It's an expression that fills my heart with dread. It usually means that someone is going to offload their opinion about what I'm doing wrong or how I should at least do it their way.
I much prefer advice that I've asked for than advice that's offered unsolicited. I don't take well to the tutting pensioner in the food isles offering wisdom whilst one of my offspring has a freakout over the lack of Peppa Pig shaped ham or some such.
A recent twitter thread highlighted the 'interesting' advice that was being given and how it was being received.
We all come to this adoption malarky on the back foot, our Social Workers are 'experts' and every suggestion or piece of advice is loaded. It's loaded with the bureaucratic authority they hold, the unspoken reality that they are gatekeepers to what we want and need. So we nod politely and take on board what is said, after all they're the 'experts'. In different circumstances we wouldn't feel so amenable to advice offered but in this case we are.
If we chose not to follow the advice then we perhaps 'hide' what we intend to do.
The experiences and knowledge of others is invaluable but we must weigh it and measure it against our lives, our knowledge of ourselves and our gut instincts. In social work parlance we are experts of ourselves and our own experience. The approval process should lead us to this understanding so we can use it effectively.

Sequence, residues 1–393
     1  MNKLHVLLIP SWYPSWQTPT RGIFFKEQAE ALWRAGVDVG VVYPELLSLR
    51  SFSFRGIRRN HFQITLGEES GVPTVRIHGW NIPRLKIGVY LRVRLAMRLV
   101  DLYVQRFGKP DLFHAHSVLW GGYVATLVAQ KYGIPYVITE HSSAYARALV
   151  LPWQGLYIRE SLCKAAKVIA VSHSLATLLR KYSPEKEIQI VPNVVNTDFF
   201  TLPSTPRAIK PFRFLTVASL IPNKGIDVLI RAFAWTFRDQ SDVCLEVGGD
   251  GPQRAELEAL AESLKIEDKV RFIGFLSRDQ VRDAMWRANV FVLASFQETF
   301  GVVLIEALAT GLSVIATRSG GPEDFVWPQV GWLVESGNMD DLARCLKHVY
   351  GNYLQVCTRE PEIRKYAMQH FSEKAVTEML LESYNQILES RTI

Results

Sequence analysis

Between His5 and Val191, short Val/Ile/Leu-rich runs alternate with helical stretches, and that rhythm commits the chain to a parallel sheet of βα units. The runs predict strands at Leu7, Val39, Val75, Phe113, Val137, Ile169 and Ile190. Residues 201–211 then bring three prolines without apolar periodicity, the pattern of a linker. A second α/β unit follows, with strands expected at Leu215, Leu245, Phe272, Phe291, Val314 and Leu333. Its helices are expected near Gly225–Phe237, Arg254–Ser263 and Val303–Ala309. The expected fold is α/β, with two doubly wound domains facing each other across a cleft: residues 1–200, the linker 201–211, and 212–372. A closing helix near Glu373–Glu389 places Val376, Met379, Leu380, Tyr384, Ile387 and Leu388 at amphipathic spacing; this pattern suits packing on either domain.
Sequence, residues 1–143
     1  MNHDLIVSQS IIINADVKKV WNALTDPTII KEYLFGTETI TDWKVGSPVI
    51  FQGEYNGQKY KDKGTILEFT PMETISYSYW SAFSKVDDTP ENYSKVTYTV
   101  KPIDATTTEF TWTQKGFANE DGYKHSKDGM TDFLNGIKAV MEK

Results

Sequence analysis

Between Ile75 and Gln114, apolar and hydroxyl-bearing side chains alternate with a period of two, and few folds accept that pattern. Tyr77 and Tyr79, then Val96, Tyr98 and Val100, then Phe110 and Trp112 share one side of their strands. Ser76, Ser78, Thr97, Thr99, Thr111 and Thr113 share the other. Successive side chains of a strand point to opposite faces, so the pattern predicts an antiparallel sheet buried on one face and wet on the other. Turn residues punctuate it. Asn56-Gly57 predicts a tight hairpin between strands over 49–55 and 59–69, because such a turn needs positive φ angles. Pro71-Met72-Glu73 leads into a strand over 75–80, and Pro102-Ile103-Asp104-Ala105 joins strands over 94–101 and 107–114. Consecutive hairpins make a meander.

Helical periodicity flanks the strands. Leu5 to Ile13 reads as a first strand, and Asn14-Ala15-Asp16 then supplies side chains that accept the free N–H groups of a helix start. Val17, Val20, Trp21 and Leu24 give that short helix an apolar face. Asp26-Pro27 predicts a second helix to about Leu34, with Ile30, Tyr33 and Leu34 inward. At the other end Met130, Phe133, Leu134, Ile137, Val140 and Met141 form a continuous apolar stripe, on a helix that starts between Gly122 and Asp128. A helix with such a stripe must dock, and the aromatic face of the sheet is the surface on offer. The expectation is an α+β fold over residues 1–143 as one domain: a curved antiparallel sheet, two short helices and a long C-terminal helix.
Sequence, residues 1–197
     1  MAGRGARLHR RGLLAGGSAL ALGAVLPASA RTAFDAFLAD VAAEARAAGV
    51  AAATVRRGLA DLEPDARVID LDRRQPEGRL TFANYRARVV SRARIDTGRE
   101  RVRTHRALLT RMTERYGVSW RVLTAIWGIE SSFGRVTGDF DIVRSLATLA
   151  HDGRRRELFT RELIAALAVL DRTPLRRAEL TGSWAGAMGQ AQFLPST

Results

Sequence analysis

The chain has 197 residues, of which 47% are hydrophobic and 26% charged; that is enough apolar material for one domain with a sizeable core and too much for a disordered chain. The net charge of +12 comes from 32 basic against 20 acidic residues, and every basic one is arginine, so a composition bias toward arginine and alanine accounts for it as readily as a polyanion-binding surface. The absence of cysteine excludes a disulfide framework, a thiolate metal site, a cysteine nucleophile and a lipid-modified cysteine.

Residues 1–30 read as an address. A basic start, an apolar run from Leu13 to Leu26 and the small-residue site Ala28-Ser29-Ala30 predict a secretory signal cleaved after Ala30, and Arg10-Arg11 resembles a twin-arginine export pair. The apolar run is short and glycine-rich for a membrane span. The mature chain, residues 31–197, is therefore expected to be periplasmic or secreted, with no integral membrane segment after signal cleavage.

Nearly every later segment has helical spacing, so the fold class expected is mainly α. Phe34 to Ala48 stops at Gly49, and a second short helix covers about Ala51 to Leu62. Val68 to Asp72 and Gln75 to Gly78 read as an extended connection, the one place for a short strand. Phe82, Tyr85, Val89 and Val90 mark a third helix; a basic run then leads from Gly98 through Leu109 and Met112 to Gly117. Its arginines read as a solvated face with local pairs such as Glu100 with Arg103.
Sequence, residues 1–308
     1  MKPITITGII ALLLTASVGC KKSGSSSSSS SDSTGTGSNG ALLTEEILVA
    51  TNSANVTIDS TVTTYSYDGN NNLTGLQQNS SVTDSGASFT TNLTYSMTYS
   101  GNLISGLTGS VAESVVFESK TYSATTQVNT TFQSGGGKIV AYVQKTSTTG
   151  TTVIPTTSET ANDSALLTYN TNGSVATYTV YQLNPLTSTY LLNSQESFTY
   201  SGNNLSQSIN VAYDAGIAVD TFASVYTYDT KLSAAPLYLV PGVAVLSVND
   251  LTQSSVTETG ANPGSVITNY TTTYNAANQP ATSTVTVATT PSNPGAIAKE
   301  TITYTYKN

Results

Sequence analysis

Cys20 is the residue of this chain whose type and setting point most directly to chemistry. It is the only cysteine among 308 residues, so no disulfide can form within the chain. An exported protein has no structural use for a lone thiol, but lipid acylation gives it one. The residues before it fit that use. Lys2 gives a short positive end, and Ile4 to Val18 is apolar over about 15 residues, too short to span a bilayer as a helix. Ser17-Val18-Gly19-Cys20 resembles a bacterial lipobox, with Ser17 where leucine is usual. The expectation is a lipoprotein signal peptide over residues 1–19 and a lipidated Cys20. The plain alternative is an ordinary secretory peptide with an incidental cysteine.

Advice and guidance can be life changing and at times has been essential to us as individuals and as a family. But the spirit that the advice was offered and received seemed to be the essential factor. And not just professionals, family friends and pensioners, the same applies to you.
If you want to listen to me, get to know me and have a conversation then you've got a chance of being asked for advice.
We've been given a truckload of advice but standard' advice trotted out from 'standard' professionals is for 'standard' families and 'standard' children.
I don't know about you but I'm many things but it's increasingly clear that I'm not 'standard'.
For the record:
If anyone ever advises me to 'relax' cos my child is 'picking up' on my anxiety, I will become the embodiment of the exact opposite of relaxed.
If you advise I use a 'star chart' to help her focus on not being 'angry', I might staple said star chart to your forehead.
If you advise that Flossy 'twangs' an elastic band around her wrist if she feels angry to distract her then I'll let her 'twang' it off your wrist to distract you.
And finally, if you advise Mrs C that she has 'control' issues, I WILL NOT restrain her. You were warned.